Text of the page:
The game is set up like so: you travel through vertical or horizontal scrolling levels filled with enemy creatures. The screen only scrolls in one direction, so if you fall off the edge of a platform, you will die. This is especially vexing because performing a ducking motion (pressing Down) will cause Pit to drop down from the platform he's standing on. Along your journey, you'll do battle with winged eyes, bug-like critters, harpies, even Grim Reapers and their sidekicks, "Reapettes". When you defeat enemies, they'll leave behind hearts: small (1), half (5), or full (10). There is also a magical harp that turns all small enemies on screen into hammers for a limited period of time (think P switches in SMB3). As you go, you'll find randomly placed doors. Inside these doors you may find an empty room, a shop, a Black Market, a pot-smashing game, or a skill test.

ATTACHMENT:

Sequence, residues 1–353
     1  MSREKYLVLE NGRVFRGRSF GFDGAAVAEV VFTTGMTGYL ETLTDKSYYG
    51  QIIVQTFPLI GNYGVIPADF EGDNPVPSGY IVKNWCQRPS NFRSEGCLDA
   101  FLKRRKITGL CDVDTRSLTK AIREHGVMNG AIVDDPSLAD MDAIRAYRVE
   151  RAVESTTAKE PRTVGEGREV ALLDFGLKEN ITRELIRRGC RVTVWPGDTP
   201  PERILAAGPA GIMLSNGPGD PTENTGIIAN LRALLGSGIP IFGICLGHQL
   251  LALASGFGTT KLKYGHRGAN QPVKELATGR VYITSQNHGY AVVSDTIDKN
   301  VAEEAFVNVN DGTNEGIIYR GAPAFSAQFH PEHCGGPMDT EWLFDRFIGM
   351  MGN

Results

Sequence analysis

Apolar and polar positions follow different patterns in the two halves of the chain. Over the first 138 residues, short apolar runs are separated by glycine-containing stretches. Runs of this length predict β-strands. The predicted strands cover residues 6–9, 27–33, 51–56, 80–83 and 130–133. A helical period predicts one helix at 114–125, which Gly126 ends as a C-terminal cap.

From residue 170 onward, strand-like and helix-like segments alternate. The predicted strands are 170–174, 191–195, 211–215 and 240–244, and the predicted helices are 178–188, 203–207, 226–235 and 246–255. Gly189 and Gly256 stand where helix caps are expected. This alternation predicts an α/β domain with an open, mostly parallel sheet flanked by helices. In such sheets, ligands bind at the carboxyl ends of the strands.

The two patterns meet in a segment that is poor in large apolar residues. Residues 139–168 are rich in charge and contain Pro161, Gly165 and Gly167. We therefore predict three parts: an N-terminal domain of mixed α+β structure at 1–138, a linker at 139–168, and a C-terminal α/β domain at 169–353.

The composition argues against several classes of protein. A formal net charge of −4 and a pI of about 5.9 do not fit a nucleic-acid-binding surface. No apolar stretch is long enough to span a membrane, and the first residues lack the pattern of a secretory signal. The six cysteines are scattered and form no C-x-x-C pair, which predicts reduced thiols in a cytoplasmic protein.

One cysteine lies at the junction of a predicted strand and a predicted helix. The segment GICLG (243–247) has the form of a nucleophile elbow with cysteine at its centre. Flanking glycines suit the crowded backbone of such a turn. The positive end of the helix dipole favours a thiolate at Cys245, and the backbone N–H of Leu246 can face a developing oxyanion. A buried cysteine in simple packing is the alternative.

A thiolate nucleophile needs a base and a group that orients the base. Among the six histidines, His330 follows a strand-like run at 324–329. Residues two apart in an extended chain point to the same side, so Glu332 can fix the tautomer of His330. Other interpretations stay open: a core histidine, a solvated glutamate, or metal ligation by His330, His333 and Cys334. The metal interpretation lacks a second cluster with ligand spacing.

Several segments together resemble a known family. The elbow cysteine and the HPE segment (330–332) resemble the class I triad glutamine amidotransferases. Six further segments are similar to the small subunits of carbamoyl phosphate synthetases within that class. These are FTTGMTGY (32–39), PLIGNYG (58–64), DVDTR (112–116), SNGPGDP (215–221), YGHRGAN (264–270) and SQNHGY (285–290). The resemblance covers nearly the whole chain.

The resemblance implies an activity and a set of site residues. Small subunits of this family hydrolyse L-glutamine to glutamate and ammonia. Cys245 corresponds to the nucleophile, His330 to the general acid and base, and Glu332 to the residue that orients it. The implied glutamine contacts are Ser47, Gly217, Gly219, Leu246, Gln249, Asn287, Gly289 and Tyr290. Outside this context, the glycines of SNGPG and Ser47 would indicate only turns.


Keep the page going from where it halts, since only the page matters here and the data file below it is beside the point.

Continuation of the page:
In the skill test, a Sadistic Old Man (who bears a striking resemblance to the Old Men of the first Zelda game) watches as you are pummelled with large, falling tiles. If you survive, you are awarded your choice of a mystical item (longer-range arrows, protective crystals, or Fire Arrows). If you run from the room before the time is up, Sadistic Old Man calls out, "You weakling!" and you get nothing. Even if you get the item you desire, you can only use it if your life energy is high enough. On top of that, certain enemies can steal these special weapons and put them up for sale on the Black Market!